The 2021 Proposed Rule was released last week, and there are some potential changes that you should keep your eye on. Scouring through the entire release, it’s apparent that the Centers for Medicare & Medicaid Services (CMS) kept to their two main objectives:
- Minimize changes to reduce the burden on providers digging out of COVID-19
- Keep the momentum of the Quality Payment program moving forward
- Delay MIPS Value Pathways (MVPs): Under this proposal, the MIPS Value Pathways (MVPs) will not be introduced until the 2022 performance period. The MVPs are designed to align each MIPS participant with measures that are more suitable to their specialty and work. The program would encompass all four MIPS categories and utilize measures for each to represent the providers’ work more accurately. CMS will be utilizing this delay in implementation of the MVPs to refine the program and garner more feedback.
- Introduce the APM Performance Pathway (APP): CMS is proposing a new Pathway for their Alternative Payment Models (APMs) providers. This will be a reporting option for those providers that are reporting as part of an APM. The program significantly reduces the variables in quality reporting reducing the number of measures to six standardized measures. The idea is to show the impact of the APM groups more accurately by concentrating on the population health of the community they serve. In some ways, this is similar to the MVP program that will be launched in future years for MIPS. CMS is working towards a simplified, more uniform reporting structure.
- Eliminate Web Interface reporting: CMS proposes the elimination of the Web Interface reporting mechanism. APM participants will either report through the APP (as described above) or they will report MIPS measures through one of the available mechanisms. Those MIPS providers who in the past reported through the Web Interface will now need to report utilizing a registry like MIPSpro® or their Electronic Health Record (EHR).
- Change Quality category: For the Quality category in the 2021 performance year, CMS is proposing to use current year data to benchmark quality measures. Their belief is that 2019 and 2020 data will be skewed due to COVID-19. This will make it more difficult to predict MIPS quality scores as benchmarking drastically impacts measure scoring. Tracking data and utilizing products from a large registry like MIPSpro® will help providers get a better perspective on what their score will be.
- Increase Cost category weight: The Cost category under MIPS will now be worth 20% of a provider’s overall score under this proposed rule. This change is a step in the direction to make Quality and Cost equal by 2022 as it is mandated by law. The Cost category should be something that every provider starts paying attention to as the MVP program will usher in more specialty specific measures comes 2022, making more provider types eligible for this category.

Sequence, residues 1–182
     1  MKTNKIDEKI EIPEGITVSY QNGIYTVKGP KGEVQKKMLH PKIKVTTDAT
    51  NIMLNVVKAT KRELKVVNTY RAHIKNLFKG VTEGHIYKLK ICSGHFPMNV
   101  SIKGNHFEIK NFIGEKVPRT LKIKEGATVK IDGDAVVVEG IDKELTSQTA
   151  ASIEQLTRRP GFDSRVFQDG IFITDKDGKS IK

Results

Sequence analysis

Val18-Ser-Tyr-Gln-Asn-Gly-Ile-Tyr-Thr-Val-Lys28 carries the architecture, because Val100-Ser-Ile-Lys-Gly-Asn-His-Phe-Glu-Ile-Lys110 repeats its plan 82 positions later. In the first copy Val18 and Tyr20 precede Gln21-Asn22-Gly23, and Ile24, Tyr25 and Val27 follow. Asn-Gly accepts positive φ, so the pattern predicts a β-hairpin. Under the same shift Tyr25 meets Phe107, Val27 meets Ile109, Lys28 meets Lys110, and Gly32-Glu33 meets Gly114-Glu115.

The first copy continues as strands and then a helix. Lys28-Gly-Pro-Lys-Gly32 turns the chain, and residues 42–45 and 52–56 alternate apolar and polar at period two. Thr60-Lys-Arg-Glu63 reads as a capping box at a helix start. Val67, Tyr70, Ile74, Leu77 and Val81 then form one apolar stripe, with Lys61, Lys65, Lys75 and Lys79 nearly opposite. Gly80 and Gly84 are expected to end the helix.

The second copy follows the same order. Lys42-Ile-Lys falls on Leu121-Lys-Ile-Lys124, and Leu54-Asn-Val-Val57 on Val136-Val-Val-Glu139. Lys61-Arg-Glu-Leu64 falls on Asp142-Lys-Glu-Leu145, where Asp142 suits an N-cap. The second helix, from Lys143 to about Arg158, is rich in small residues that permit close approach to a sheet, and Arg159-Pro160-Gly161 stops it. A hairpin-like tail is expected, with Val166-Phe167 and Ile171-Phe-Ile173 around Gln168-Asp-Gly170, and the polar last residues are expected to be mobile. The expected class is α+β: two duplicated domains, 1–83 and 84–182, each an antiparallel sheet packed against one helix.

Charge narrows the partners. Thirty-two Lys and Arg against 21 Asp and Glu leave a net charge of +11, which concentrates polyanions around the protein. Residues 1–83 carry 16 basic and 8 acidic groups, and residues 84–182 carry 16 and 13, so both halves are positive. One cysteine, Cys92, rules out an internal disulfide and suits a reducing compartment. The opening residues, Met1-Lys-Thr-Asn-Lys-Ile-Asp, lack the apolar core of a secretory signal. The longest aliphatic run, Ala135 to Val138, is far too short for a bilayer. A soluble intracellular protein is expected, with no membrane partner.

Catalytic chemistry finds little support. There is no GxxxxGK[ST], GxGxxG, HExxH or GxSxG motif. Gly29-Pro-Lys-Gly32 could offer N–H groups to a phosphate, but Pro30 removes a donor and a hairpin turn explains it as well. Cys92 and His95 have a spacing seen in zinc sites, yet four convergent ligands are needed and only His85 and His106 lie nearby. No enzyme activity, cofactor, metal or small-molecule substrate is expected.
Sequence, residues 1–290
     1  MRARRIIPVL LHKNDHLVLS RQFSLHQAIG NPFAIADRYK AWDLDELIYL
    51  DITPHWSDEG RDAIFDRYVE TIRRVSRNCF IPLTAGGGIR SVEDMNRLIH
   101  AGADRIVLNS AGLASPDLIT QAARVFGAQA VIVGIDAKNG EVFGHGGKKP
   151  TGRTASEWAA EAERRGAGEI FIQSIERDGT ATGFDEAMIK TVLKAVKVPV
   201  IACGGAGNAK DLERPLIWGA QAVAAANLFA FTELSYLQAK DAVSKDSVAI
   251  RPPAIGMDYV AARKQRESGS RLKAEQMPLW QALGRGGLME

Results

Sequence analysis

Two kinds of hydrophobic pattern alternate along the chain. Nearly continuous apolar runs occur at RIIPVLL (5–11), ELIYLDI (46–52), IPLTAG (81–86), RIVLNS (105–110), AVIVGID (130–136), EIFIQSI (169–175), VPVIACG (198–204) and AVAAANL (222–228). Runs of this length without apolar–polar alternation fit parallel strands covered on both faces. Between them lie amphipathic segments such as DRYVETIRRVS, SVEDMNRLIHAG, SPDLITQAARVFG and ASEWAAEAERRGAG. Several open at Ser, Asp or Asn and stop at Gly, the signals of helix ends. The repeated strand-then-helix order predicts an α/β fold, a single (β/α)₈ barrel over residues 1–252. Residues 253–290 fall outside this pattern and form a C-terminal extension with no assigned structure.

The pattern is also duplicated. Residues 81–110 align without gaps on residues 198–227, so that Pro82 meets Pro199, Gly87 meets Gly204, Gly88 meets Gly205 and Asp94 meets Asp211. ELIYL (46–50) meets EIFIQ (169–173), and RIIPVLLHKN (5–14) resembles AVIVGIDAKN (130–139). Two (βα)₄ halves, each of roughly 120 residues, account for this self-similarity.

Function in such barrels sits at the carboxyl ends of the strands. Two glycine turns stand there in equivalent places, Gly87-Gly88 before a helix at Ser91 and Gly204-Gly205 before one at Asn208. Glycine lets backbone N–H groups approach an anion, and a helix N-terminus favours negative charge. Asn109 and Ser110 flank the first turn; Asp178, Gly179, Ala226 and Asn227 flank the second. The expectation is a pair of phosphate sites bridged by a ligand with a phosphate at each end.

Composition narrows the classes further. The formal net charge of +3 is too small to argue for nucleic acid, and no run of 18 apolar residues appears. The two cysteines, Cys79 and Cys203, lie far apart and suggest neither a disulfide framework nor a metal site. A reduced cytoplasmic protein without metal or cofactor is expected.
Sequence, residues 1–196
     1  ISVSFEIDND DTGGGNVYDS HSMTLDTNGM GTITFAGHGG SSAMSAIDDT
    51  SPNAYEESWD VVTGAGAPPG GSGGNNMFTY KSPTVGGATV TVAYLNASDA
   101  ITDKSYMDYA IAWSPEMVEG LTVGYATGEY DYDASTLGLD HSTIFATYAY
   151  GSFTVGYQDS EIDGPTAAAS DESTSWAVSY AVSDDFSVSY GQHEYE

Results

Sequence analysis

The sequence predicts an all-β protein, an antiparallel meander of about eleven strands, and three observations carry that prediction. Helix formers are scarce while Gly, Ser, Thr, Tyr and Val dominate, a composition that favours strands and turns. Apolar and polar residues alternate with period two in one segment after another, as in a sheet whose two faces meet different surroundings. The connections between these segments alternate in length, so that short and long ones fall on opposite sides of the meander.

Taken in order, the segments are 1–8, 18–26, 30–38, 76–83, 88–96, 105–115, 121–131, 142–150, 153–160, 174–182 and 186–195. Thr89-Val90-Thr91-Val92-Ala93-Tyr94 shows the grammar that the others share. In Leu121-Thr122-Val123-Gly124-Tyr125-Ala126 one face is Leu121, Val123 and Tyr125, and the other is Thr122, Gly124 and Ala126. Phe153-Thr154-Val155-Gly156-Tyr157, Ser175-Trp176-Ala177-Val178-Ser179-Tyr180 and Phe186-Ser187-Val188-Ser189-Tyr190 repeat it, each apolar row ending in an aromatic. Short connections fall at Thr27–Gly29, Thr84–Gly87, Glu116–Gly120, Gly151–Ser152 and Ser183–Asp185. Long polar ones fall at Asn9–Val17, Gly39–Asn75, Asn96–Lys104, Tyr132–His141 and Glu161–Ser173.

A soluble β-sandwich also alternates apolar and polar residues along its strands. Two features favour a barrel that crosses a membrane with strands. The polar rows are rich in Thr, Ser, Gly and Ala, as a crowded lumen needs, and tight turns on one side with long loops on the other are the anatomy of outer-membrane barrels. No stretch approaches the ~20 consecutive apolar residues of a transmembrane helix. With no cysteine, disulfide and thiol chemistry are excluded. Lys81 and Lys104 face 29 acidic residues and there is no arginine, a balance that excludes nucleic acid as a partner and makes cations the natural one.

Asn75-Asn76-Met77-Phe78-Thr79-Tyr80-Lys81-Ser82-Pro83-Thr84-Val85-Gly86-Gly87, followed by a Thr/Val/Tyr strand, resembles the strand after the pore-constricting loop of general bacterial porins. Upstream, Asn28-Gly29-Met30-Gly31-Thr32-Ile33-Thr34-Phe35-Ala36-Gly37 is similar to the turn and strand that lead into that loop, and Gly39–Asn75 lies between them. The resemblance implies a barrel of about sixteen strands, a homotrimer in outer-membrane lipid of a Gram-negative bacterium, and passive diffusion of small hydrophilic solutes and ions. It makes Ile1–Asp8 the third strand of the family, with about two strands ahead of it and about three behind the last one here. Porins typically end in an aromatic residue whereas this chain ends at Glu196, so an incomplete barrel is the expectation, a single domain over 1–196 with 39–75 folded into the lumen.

- Updates for telehealth: Overall, CMS is embracing telehealth through each of the MIPS categories. They see telehealth as not only a 2020 phenomenon, but as a trend that will impact healthcare moving forward. They are also continuing their yearly changes to quality measures. They will be adding, eliminating, and changing several measures that will impact a provider’s options for reporting.
So, what are the key takeaways?
- MIPS is not going anywhere – The program will continue to expand on the current options and will continue to introduce new programs and alternatives moving forward.
- Track and improve your scores – Between measure changes and scoring changes, understanding where you stand throughout the year will be more important moving forward. The impact will grow as well. The proposed rule is looking at a 50% threshold to avoid the penalty of up to 9%, which will result in a smaller group that will achieve the maximum reimbursement. Speaking of reimbursement, CMS is predicting the top performers will receive upwards of 6.89% (the highest mark since MIPS started).
- Growth in importance of the Cost Category – CMS has given a reprieve for specialist by delaying the introduction of the MVP program till 2022. This will reduce the burden on those providers for this upcoming year, however it will give CMS more time to deliver a more impactful program. Otherwise, Cost is moving full steam ahead. With the increase to 20% of a provider’s overall score and the elevation of telehealth measures, the Cost impact will drive your MIPS scores more than ever before.
For more information, we will be having a webinar next week to discuss the proposed changes and how it will impact MIPS moving forward.
To learn more about how MIPSpro can help you navigate those changes, please visit us at www.mipspro.com.